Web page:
Broad new “anti-spam” law confusing, challenging for small business

As legislation comes into force, survey suggests many think it doesn’t apply to them

Toronto, June 25, 2014 – Canada’s Anti-Spam Law (CASL), coming into force July 1st, affects most businesses – any sending emails, text messages or messages through social media. But, according to a new member survey conducted by the Canadian Federation of Independent Business (CFIB) this week, only 15 per cent of small business owners are fully aware of CASL’s requirements, and most (62 per cent) have taken no steps to comply.

“Most small business owners don’t think of themselves as spammers,” said CFIB president Dan Kelly, “But under the new law, everyday interactions with customers and potential customers will be considered spam without a significant investment to document the right permissions.”

Among other changes, the new law will require businesses to seek consent to send business emails, keep a record of those consents, and to add an unsubscribe feature to every email message. The required technological and process changes can be significant. As an example, a small business was told it will cost them $30,000 to $50,000 to be in full compliance.

CFIB has received dozens of calls from concerned business owners who are struggling to figure out how to make their businesses viable in the new CASL world. Sadly, the support being offered by the Canadian Radio-television and Telecommunications Commission (CRTC), one of the agencies responsible for enforcing CASL, has been less-than-stellar.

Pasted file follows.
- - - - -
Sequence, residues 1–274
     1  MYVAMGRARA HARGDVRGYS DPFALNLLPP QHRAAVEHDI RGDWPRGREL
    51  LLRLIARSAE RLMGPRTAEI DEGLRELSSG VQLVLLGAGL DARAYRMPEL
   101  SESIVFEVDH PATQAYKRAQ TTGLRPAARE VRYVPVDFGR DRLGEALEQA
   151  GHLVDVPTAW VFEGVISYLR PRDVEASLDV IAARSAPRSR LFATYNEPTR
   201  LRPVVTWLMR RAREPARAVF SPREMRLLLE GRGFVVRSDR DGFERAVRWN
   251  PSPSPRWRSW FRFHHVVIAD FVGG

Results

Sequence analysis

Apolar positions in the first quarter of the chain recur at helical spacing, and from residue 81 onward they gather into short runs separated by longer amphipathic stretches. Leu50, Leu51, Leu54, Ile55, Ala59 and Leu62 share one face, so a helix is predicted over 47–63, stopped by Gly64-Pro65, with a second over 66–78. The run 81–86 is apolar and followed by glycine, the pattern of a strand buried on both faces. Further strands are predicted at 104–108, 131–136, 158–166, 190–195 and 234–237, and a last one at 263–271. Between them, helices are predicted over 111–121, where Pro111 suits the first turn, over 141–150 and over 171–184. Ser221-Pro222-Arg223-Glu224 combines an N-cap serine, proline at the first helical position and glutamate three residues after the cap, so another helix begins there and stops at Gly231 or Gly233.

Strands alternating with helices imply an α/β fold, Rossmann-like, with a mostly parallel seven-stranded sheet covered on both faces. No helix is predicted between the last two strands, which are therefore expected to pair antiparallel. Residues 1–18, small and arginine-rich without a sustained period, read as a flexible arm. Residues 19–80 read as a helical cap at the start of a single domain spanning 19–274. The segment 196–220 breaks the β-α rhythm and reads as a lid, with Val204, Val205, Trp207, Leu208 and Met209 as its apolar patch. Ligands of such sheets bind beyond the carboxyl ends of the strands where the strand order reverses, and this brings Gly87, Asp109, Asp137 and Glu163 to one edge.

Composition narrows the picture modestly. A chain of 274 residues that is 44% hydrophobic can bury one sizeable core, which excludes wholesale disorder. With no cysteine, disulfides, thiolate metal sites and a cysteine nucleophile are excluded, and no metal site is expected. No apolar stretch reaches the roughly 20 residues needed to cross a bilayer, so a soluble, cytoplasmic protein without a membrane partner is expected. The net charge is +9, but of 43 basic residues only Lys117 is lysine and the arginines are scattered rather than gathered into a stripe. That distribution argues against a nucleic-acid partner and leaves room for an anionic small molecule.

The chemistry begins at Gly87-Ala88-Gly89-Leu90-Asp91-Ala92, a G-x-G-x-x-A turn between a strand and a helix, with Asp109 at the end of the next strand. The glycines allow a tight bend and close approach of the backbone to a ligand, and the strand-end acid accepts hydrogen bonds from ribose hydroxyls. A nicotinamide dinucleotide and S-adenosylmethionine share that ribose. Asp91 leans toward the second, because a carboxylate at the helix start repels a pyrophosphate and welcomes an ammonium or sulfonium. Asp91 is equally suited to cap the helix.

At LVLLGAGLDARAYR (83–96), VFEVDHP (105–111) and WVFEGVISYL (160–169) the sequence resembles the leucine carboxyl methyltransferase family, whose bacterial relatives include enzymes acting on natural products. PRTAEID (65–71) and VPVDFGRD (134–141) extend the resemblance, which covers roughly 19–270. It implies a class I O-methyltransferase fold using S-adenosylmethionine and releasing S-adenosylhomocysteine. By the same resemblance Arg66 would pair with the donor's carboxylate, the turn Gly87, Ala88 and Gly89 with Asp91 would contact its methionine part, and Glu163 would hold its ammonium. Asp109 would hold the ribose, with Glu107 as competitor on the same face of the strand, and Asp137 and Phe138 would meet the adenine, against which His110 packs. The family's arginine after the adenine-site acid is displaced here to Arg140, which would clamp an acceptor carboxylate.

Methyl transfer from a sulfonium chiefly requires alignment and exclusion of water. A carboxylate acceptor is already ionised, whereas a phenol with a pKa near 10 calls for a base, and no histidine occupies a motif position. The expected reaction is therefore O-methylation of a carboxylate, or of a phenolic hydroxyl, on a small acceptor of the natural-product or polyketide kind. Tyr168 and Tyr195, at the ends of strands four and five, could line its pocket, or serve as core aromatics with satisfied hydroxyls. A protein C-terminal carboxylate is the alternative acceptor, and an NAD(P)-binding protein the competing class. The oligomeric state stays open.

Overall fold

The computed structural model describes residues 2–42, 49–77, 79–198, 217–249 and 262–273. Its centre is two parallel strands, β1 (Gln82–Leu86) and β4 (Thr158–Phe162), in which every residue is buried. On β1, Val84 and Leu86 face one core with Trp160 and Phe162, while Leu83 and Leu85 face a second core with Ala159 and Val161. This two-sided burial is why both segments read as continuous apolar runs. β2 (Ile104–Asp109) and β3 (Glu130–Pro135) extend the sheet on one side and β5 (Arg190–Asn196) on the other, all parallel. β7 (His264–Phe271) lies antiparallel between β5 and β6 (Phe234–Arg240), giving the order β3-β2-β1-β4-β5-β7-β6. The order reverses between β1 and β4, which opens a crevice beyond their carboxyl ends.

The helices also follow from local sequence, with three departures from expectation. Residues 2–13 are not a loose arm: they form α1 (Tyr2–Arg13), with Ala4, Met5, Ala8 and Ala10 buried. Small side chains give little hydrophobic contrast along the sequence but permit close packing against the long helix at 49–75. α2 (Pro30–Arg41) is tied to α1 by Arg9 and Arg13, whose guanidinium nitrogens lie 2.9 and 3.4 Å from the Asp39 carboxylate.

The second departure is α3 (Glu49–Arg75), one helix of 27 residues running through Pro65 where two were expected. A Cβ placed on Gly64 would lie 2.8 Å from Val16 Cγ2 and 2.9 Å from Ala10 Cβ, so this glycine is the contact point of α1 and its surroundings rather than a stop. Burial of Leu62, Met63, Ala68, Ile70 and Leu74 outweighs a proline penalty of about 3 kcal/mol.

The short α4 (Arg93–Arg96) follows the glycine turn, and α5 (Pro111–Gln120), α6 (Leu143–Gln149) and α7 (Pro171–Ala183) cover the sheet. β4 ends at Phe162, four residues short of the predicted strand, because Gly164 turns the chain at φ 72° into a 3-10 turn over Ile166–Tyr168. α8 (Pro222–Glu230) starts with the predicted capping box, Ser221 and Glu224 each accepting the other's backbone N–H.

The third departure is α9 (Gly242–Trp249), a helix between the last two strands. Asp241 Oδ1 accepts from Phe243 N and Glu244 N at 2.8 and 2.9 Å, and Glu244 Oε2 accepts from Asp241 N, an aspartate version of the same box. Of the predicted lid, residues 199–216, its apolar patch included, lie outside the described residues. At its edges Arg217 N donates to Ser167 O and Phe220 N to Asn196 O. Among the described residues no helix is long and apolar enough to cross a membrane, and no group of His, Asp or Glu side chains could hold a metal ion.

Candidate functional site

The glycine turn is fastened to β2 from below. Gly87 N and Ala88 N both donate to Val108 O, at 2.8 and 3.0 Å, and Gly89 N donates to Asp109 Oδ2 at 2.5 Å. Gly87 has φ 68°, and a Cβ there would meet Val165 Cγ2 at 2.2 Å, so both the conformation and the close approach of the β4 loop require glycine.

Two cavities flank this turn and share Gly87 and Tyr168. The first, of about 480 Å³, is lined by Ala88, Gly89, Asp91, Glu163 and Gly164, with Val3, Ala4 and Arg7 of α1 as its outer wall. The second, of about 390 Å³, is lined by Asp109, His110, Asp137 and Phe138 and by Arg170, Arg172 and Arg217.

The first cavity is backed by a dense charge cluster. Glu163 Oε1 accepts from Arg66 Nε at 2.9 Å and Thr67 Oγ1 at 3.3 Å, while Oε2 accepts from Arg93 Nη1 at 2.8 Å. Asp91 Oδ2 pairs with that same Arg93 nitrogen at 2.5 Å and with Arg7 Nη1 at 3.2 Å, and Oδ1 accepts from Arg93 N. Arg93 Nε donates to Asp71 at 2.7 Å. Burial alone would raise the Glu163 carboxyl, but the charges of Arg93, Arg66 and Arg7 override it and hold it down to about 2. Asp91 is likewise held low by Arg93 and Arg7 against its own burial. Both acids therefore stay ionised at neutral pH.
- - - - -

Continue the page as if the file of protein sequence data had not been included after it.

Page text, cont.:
“Businesses support the idea of reducing spam, but everything we’re hearing suggests that the current rules need to be made small business-friendly,” said Kelly. CFIB members support a focus on education over enforcement, and providing exemptions where these rules are not workable, for example where businesses send a relatively low volume of emails per month.

“The government has repeatedly insisted that CASL was designed to go after the worst offenders, and not the general business population,” added executive vice president Laura Jones. “Small businesses want to comply with the spirit of the law, but implementing the letter of the law will be a challenge. Clearly, more work needs to be done to make CASL work for small business.”

CFIB has prepared tips on implementing CASL for small businessFor more information, please contact Gisele Lumsden at 416-222-8022 or public.affairs@cfib.ca.

This release contains findings of a CFIB survey on Canada’s Anti-Spam Legislation, conducted from June 18 to 23, 2014. The survey was conducted online, and received 5,403 responses. Findings are statistically accurate to +/- 1.3 per cent 19 times in 20.

CFIB is Canada’s largest association of small and medium-sized businesses with 109,000 members across every sector and region.

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